Enter your mobile number below and we'll send you a link to download the free Kindle App. Then you can start reading Kindle books on your smartphone, tablet, or computer - no Kindle device required.
Getting the download link through email is temporarily not available. Please check back later.

  • Apple
  • Android
  • Windows Phone
  • Android

To get the free app, enter your mobile phone number.

Qty:1
  • List Price: $16.99
  • Save: $5.67 (33%)
FREE Shipping on orders with at least $25 of books.
In Stock.
Ships from and sold by Amazon.com. Gift-wrap available.
Lincoln at Gettysburg: Th... has been added to your Cart
FREE Shipping on orders over $25.
Condition: Used: Good
Comment: 1992 paperback. Good condition. No writing, no highlighting.
Have one to sell? Sell on Amazon
Flip to back Flip to front
Listen Playing... Paused   You're listening to a sample of the Audible audio edition.
Learn more
See all 2 images

Lincoln at Gettysburg: The Words that Remade America (Simon & Schuster Lincoln Library) Paperback – November 14, 2006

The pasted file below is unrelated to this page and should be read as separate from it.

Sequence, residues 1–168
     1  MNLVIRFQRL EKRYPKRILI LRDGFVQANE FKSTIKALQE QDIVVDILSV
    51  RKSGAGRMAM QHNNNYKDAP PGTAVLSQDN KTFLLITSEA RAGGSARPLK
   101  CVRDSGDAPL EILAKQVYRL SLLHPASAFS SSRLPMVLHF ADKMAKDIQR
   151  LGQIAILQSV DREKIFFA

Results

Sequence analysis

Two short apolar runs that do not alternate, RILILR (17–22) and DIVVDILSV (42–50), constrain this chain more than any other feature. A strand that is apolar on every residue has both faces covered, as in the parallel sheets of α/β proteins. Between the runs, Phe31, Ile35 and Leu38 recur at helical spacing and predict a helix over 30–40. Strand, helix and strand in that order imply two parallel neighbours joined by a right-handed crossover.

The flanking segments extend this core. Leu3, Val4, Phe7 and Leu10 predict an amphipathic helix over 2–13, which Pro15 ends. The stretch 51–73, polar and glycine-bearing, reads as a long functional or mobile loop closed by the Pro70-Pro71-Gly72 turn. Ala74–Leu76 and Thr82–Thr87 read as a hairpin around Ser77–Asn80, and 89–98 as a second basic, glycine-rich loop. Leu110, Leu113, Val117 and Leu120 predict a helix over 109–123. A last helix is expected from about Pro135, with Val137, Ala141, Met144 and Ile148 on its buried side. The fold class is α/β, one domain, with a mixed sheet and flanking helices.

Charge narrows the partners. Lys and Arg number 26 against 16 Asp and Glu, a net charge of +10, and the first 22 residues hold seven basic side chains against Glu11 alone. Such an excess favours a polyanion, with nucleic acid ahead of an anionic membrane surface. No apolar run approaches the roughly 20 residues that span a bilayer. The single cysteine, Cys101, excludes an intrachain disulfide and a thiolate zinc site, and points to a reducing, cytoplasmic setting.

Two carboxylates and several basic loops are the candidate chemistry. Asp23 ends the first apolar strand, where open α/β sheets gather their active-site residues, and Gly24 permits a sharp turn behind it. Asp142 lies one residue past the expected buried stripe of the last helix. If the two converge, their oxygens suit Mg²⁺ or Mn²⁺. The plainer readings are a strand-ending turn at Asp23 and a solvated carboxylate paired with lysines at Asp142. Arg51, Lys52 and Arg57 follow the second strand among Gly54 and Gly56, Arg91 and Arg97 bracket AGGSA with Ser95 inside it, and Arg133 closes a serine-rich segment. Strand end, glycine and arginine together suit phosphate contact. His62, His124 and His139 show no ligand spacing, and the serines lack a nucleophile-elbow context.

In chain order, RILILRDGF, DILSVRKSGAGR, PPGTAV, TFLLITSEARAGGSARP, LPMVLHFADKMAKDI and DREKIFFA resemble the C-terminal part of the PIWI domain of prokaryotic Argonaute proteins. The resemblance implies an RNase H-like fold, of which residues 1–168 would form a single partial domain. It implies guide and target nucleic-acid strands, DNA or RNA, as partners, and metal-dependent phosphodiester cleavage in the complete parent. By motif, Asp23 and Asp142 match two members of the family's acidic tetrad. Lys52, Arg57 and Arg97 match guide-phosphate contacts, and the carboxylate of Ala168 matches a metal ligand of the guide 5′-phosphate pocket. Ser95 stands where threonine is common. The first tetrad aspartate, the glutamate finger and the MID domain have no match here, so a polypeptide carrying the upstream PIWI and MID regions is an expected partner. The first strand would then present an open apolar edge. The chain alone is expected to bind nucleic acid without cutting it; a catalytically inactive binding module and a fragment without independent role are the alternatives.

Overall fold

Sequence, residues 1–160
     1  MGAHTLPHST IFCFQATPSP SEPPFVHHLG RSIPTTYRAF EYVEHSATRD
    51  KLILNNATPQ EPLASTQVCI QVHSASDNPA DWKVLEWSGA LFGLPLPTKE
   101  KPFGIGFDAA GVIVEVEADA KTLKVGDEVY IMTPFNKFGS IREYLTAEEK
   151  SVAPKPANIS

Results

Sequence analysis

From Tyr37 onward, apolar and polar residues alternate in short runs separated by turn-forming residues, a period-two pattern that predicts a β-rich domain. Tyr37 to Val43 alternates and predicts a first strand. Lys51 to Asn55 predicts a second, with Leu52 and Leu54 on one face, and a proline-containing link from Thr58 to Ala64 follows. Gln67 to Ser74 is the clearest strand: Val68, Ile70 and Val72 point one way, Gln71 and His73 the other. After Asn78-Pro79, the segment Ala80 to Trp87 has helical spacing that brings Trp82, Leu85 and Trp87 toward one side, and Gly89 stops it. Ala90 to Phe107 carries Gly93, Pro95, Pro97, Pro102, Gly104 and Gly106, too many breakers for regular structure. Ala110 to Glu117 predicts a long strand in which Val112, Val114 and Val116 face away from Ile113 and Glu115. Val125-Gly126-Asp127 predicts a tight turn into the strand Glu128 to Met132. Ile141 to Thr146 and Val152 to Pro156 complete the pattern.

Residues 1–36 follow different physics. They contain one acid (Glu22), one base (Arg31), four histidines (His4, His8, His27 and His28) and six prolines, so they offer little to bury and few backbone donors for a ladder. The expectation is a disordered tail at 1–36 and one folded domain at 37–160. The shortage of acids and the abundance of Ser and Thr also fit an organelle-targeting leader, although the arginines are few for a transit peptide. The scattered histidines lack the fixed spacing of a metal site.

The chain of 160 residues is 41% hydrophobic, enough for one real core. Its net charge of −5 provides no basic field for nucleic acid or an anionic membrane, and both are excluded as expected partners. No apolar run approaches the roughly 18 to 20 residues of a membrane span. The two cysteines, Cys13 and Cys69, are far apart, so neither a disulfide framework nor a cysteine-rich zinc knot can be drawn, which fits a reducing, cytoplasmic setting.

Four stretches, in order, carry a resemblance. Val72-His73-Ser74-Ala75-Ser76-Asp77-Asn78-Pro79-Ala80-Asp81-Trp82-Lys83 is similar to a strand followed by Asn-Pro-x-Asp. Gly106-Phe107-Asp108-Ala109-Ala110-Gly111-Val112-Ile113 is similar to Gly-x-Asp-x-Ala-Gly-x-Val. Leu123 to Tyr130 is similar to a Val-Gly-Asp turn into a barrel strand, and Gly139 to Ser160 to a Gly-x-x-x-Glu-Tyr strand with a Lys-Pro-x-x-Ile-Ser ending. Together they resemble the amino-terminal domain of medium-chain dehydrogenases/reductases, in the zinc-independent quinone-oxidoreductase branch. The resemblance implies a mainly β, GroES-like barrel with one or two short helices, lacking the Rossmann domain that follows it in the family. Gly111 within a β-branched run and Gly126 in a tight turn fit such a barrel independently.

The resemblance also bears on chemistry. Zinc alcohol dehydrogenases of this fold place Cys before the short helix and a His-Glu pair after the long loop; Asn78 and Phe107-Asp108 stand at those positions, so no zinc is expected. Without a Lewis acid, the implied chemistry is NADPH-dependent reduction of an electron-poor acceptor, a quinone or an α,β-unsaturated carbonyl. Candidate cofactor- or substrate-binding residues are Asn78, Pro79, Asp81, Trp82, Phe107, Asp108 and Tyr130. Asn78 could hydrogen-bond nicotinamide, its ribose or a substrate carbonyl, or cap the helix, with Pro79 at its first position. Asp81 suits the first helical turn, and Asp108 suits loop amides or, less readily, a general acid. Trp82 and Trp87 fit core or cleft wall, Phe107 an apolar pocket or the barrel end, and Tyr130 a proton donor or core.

4.3 out of 5 stars 156 customer reviews

See all 3 formats and editions Hide other formats and editions
Price
New from Used from
Kindle
"Please retry"
Paperback
"Please retry"
$11.32
$6.98 $0.01

Best Books of the Month
See the Best Books of the Month
Want to know our Editors' picks for the best books of the month? Browse Best Books of the Month, featuring our favorite new books in more than a dozen categories.
$11.32 FREE Shipping on orders with at least $25 of books. In Stock. Ships from and sold by Amazon.com. Gift-wrap available.
click to open popover

Frequently Bought Together

  • Lincoln at Gettysburg: The Words that Remade America (Simon & Schuster Lincoln Library)
  • +
  • Narrative of the Life of Frederick Douglass
Total price: $14.02
Buy the selected items together


Editorial Reviews

Review

"Garry Wills has given our nation's greatest gathering of words . . . new urgency . . . demonstrating that Lincoln's words still have power." -- William McFeely, The New York Times

"Dazzling . . . Wills is at his best, and his best may be the best that has ever been written about the Gettysburg Address as literature. Boldly revisionist and intoxicatingly original." -- Chicago Tribune

"Garry Wills' glowing reconstruction of Lincoln's words and the circumstances gives us a real understanding of what we rote-memorized as school children. This is what history is all about." -- Studs Terkel

"True to its historical antecedents and politically triumphant . . . A brilliantly creative reading of a critically important, indeed, culturally transforming, political document." -- The Philadelphia Inquirer

About the Author